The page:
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Risk factors and escape strategy in the grasshopper Dissosteira carolina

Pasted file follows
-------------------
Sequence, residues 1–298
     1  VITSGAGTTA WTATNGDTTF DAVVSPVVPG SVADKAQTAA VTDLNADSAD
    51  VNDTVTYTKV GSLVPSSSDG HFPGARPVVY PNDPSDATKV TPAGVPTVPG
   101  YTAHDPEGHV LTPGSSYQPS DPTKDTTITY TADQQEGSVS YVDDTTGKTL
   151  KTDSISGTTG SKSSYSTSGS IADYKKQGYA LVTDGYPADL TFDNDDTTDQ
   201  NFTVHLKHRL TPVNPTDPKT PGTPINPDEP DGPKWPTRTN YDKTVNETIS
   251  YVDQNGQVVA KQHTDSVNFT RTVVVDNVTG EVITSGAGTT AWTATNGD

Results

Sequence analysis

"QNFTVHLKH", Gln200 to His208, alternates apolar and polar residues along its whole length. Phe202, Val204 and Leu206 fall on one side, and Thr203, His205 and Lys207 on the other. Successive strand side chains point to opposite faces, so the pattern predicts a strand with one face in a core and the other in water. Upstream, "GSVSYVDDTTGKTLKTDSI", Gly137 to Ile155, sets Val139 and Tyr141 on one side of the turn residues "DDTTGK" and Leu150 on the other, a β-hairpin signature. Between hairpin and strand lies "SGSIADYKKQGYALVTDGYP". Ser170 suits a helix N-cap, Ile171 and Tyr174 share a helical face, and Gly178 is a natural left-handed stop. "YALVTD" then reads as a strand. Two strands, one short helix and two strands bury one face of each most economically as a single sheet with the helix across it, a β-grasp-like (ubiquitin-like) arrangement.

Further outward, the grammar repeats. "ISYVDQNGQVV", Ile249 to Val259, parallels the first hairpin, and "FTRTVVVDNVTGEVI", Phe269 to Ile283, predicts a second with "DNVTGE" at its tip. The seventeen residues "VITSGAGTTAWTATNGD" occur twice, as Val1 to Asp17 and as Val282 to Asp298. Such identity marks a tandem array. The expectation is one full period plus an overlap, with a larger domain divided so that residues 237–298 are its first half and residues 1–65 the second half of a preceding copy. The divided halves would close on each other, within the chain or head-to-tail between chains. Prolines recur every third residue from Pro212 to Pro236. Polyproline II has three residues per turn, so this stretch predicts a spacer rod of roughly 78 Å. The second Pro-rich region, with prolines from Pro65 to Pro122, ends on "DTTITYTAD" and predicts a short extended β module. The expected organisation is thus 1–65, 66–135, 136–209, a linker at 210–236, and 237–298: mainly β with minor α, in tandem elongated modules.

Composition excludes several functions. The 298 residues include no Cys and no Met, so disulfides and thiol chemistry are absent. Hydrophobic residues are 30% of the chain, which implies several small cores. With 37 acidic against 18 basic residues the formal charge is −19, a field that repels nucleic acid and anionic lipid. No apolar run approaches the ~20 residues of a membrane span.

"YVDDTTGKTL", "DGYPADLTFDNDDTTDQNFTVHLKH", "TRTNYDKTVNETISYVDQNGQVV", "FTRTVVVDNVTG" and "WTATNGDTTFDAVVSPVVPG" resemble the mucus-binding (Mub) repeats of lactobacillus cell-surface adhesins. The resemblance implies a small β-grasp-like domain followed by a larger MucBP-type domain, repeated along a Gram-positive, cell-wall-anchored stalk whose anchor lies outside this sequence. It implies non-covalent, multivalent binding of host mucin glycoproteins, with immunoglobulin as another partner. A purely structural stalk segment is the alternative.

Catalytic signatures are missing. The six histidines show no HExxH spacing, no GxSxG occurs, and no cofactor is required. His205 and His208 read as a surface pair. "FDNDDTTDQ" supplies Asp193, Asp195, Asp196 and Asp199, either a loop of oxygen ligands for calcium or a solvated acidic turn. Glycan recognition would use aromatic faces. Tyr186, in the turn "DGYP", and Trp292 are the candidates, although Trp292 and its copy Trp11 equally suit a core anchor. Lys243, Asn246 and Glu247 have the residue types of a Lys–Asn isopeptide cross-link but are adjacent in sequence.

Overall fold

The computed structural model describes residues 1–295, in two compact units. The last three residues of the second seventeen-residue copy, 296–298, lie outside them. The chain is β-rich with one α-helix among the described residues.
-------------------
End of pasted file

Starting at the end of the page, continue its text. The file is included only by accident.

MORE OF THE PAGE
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To determine aspects of escape strategy by the Carolina grasshopper, Dissosteira carolina, and applicability of models of escape behavior applied primarily to vertebrates, I conducted three field experiments by simulating an approaching predator. Escape theory predicts that flight initiation distance (distance from predator when escape begins) and distance fled increase as predation risk increases. Some aspects of escape are not predicted, and theory does not identify escape strategies including several components. I examined effects of risk factors (predator approach speed, directness of approach, and repeated approach) on flight initiation distance, distance fled, and the initial direction of escape. Flight initiation distance and distance fled were predicted to increase with approach speed. Because predators approaching directly may bypass prey without detecting it, probability of fleeing and flight initiation distance were predicted to increase with directness of approach. Because a persistent predator poses greater threat, flight initiation distance and distance fled were predicted to be greater for the second of two successive approaches. All findings were consistent with predictions of the Ydenberg & Dill (1986) model, suggesting that risk assessment and escape decisions by visually oriented insects may be similar to those of vertebrates. Although escape directly away from the predator might be expected to minimize risk, most grasshoppers escaped by flying at nearly right angles to the approach path. Lateral escape may be part of an escape strategy in which dark wing colour during flight rapidly disappears upon landing. With sudden change in colour and movement, the grasshopper becomes cryptic and difficult to relocate. Lateral escape may increase difficulty of maintaining visual contact with the grasshopper until it lands. It also avoids need for further escape from a predator that continues in its initial direction.


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